Clarification of protein folding problem

Tom Kelting milemgr at aol.com
Sat Jun 30 15:29:49 EST 2001

I’d like a clarification on the nature of the protein folding problem.

Perhaps the best thing is for me to state what my reading is of the problem,
from what I’ve read, and then an expert can, hopefully, correct anything
that is wrong in my thinking, and expand upon it further.

A protein molecule is a very complex structure, occurring, of course in
three dimensions.  The nucleic acid codons that occur in the cell, specify
the general recipe for each protein… the sort of information contained in
its in-line molecular formula (formulas of the form C6-H12-O6), but not its

Just as there may be left and right chirality in a simple molecule, there
are different possible shapes that a molecule with a specified, inline
molecular formula, may assume.  These different shapes derive from the fact
that, in most instances, there are a variety of bond angles permitted by the
actual physics of molecular bonding.  An atom or small polymer that is going
to attach to an evolving protein molecule that is being built up, might be
permitted to attach to any of several positions.

Some such attachments would lead to “dead ends” – terminations of the
synthesizing molecule-in-progress before its target molecular formula could
be fully satisfied.  This would be one kind of error.

Other errors might lead to a molecule with the abstract formula being
satisfied, but with an entirely different shape, than the “desired shape”.

Am I right so far?  I have said that (1) genetic information specifies
molecular formula, but not shape, and (2) the first aspect of the
folding/construction problem is to efficiently construct the molecule
without leading to dead ends, partial molecular constructs that have to be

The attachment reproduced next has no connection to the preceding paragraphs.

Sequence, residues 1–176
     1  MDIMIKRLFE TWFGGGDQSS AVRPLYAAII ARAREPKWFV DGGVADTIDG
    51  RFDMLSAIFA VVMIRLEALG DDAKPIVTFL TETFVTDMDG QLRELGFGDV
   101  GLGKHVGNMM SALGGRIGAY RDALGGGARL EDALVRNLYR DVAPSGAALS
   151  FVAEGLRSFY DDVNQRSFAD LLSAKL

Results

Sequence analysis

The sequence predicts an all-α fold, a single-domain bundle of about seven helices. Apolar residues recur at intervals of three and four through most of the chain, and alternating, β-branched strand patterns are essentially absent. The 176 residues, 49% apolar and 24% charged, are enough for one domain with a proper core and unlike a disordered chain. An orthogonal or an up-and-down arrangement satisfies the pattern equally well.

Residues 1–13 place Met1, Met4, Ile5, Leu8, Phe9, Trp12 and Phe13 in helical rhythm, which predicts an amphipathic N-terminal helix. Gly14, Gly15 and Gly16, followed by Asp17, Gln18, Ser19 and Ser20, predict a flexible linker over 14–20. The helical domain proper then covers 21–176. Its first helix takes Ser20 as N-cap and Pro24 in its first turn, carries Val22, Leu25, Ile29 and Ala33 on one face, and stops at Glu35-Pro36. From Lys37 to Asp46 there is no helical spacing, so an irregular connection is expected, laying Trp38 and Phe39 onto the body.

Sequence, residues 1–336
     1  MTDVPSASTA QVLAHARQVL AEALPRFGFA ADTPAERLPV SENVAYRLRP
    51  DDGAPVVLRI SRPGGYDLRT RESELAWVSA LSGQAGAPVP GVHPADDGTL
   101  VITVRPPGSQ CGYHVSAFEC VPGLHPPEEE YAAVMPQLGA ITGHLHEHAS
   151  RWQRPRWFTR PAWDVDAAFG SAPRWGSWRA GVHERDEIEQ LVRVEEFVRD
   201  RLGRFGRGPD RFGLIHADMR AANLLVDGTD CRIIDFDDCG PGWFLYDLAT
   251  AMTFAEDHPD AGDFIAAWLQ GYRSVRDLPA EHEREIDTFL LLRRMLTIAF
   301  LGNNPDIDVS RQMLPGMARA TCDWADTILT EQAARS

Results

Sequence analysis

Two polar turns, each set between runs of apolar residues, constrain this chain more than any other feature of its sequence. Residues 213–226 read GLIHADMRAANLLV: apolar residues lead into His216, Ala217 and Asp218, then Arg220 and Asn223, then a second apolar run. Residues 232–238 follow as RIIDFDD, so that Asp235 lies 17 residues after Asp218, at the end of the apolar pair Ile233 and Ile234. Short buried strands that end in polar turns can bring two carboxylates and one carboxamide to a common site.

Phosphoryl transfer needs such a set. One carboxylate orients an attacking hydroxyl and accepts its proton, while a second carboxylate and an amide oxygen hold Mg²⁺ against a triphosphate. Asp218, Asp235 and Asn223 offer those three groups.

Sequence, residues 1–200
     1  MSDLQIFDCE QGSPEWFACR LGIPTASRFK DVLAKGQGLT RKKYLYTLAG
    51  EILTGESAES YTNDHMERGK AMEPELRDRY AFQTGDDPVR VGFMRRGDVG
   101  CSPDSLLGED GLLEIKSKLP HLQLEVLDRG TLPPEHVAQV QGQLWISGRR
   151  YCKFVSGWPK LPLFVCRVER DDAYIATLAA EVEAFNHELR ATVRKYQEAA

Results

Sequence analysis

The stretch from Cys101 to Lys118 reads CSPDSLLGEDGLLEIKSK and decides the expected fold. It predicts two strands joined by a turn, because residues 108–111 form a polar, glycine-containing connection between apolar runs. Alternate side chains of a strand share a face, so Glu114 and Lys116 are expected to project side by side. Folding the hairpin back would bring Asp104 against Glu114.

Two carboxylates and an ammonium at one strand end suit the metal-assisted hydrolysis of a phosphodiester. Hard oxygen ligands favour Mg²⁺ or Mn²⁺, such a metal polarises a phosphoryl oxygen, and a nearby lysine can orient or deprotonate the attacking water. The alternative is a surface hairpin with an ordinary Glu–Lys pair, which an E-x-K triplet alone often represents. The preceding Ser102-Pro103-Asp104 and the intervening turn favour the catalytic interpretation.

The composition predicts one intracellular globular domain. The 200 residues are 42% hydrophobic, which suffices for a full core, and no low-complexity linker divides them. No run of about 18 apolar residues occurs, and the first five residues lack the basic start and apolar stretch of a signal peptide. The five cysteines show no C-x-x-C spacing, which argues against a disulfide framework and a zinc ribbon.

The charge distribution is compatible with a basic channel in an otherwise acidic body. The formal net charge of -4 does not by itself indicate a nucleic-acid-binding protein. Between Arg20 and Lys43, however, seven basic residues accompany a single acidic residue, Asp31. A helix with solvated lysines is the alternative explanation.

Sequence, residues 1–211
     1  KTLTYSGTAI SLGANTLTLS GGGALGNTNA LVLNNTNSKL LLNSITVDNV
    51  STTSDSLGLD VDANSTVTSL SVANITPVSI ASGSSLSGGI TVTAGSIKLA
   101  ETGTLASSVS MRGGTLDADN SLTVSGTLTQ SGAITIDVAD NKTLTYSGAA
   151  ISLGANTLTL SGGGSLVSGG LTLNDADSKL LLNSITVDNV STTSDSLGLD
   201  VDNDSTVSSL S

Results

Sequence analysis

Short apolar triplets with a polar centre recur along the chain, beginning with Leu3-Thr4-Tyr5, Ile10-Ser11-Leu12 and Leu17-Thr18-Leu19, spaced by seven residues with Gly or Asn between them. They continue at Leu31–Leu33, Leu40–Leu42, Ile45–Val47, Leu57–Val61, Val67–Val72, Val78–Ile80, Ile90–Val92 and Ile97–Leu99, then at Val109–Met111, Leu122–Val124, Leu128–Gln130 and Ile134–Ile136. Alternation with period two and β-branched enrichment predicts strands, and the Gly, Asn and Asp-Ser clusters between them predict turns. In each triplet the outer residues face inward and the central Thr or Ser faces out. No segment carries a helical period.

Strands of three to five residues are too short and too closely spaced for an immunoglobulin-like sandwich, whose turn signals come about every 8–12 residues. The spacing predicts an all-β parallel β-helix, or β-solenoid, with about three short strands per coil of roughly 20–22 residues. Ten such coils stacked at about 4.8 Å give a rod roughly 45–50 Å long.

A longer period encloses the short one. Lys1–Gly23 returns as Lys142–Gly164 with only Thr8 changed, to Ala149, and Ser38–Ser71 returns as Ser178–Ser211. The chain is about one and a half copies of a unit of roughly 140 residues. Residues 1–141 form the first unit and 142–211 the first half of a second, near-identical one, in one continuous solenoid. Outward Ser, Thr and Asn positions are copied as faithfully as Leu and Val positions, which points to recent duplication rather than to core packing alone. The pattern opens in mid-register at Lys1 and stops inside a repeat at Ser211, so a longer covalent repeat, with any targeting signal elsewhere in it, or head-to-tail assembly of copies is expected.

discarded because they are misshapen and incapable of further movement
toward the desired shape.

Now, the further question is, if we assume that there are multiple possible
shapes that might be satisfactions of the nucleic codon-resident, abstract
molecular recipe for this protein, nonetheless only *one* shape (with
perhaps tiny variations) would be the shape that has the desired, needed
functionality, in the relatively global protein ecology of that organism
(e.g. the cell).

Take ordinary symmetry-chirality.  I have read that, in situ, the “right”
chirality is constructed a particularly high proportion of the time (unlike
random statistical synthesis in the laboratory… as with generic drugs where
chirality is an issue.)

Anyway, whether this chirality claim is true or not, the issue (3) is this:
if it is true that multiple structural geometries are possible, in a
particular case, for a particular protein, then all are equally “right” from
a chemical and physical standpoint.

But the properties, the functional powers, within the relatively global
context of the protein ecology of the organism, differ with shape.  From
that standpoint of the ORGANISM, only one shape is the “right” one.  How is
*this* shape constructed and selected, from among the alternate, physically
permissible shapes?

This to me is a whole different kind of protein folding problem.  I would
imagine it as if, say, one chirality of a certain molecule is needed in a
certain token of an organism, and the same molecule might be needed in the
complementary chirality, in a different context … say, in a different
species, (or even in a different token of the same species).  The point
would be that there is some contextual, mesoscale global “right answer” that
is context dependent.  During molecular synthesis, somehow, the structure
that is needed in the current context, must be selected from among the
complementary, equally permissible shapes.  I call this point (3).

So, what is the protein folding problem… more like (2), or like (3), or are
my assumptions all off base.

And, if I am getting it right so far, how does computer simulation
(intractable in polynomial time and so forth), solve either 2 OR 3?  (I
especially don’t see how it could solve 3).  Just *exactly* what is it that
is being simulated, when a computer attempts to model protein folding, in
the bioinformatics research on protein folding that we always see referred
to in the news?

Can someone steer me right, if I am off track?  Thanks for your help.

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